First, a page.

#2 - Hollowing Out Your Abs
This is a simple transverse abdominal contraction. When you are pregnant, your abdominal muscles stretch and weaken. A lot. Sometimes they even separate down the middle of your stomach in what is called diastasis recti. It's not fun, but it can be fixed! Your transverse abdominals are the deepest core muscles that run horizontally around your waist. They are super important for core stability and posture.
How? It's easy - but easier said than done. You want to bring your belly button in and up, kind of like you are tightening a wide belt around your waist. Start with holding these muscles engaged for 5 seconds and work up to 20. Do these whenever you can throughout the day.
#3 - Chest Stretches
These were the ones I noticed I needed A LOT after Little M was born. Once you have that tiny little baby in your arms, you don't often put them down. This causes your shoulders to round forward. Add in breast feeding all day/night and heavier breasts (it's true, come on), and your posture is just screwed. I remember my upper back hurting so bad! Doing chest stretches regularly will really make big difference!
How? My favorite way to stretch my chest is in a door frame. Raise your hands to about the level of your head , like you're making a "W" in the air. Then rest your hands in a door frame and gently lean your chest and body through the door. Your hands will end up slightly behind your shoulders. You can also do this 1 arm at a time, putting your arm up at a 90 degree angle and resting your forearm on the side of the wall. Then turn your body away from the wall while holding the stretch.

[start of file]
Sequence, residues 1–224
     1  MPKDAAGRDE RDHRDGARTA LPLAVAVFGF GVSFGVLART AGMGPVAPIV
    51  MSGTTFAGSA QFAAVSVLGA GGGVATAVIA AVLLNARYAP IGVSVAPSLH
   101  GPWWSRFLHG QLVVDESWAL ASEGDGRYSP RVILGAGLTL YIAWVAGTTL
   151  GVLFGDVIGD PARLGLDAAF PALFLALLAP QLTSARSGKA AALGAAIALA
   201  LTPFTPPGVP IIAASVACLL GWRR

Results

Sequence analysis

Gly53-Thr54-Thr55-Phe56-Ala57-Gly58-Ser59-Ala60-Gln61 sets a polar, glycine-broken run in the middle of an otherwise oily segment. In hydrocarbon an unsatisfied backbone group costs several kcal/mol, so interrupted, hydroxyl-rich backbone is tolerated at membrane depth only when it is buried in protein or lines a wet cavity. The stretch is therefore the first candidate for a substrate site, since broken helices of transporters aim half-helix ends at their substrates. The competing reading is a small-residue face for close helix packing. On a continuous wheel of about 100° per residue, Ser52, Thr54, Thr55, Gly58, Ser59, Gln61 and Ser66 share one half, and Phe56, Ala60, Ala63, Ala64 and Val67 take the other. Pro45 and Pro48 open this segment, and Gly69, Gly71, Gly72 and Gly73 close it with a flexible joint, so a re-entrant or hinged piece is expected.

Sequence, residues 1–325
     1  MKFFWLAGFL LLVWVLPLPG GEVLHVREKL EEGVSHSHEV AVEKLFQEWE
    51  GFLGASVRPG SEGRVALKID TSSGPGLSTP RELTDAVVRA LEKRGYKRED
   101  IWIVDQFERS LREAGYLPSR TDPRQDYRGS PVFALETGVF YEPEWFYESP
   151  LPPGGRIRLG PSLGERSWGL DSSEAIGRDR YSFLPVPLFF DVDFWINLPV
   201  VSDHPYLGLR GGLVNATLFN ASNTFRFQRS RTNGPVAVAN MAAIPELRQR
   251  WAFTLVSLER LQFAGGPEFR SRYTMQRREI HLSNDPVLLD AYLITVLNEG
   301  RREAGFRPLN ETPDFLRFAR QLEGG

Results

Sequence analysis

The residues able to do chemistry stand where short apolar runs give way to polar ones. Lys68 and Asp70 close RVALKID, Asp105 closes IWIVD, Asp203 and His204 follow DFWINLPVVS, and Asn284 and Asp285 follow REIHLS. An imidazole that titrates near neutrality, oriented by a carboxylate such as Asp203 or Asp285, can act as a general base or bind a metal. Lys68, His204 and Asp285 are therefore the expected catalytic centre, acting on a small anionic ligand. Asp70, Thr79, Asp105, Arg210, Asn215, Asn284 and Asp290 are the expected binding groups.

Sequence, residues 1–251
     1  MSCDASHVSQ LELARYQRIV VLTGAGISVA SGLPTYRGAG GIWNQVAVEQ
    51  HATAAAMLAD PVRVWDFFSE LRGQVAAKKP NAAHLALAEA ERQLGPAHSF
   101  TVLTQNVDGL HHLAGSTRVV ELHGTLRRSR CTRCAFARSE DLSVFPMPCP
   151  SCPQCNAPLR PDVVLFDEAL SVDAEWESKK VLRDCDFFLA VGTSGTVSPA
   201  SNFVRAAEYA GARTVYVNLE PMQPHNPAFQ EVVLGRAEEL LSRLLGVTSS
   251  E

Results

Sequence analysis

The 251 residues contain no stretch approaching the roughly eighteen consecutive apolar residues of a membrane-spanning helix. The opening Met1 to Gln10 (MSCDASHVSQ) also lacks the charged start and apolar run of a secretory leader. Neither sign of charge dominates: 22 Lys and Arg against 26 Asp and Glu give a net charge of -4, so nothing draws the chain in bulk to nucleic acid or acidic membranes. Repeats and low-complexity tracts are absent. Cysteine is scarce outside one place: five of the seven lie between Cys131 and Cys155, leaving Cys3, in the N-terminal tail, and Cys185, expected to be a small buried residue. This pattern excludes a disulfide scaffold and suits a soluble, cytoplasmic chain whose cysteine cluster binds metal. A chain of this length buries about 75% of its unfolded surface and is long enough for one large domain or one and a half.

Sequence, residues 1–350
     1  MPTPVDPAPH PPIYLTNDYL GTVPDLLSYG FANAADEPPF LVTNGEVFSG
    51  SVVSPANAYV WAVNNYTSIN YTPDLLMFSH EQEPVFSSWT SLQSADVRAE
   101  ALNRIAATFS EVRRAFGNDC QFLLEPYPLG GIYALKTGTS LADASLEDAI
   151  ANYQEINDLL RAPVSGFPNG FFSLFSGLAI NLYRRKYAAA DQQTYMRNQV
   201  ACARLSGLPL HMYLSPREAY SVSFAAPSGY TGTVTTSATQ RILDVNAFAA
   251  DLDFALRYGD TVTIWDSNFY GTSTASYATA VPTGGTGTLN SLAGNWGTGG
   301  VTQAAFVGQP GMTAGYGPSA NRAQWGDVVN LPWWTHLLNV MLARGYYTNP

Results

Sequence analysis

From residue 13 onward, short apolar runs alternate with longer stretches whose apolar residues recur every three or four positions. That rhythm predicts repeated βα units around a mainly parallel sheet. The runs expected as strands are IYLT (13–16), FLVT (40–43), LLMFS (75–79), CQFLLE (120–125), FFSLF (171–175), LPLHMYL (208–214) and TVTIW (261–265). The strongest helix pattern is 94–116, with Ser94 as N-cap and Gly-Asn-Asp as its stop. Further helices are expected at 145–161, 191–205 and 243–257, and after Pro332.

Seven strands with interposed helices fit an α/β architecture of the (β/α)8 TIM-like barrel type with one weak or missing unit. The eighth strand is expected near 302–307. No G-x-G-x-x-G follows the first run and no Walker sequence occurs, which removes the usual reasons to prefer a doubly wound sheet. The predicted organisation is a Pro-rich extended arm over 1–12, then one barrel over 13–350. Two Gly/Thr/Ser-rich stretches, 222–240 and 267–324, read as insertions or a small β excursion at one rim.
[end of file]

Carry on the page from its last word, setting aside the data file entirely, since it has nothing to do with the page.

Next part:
I have to add one extra exercise in here - walking. You can start walking as soon as its comfortable for you and your Dr approves. This is the one thing that I really attribute my speedy weight loss to. Start with a walk to the mailbox and back, and add on gradually. Those walks not only will help you gain your fitness back, it's a great chance to get some fresh air when we can often be holed up inside with a new baby.
Disclaimer: I am a certified personal trainer but I am not your doctor. I do not give out medical advice. Please talk to your doctor before starting post-partum exercise, or doing any of the workouts on this site.
How about you?
What is the one piece of pregnancy/baby/childbirth advice you wish you knew before you had a baby?
It's great to see you! I'm Alyssa and I blog about all the things I've found "essential" in my life as a fit mama and football coach's wife. You'll find all kinds of fun stuff here like workouts, oily info, football stories and more!
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I am not a licensed medical professional. All views expressed on this website are based on my own personal research and experiences. Please consult your doctor with any medical issues before beginning a training program.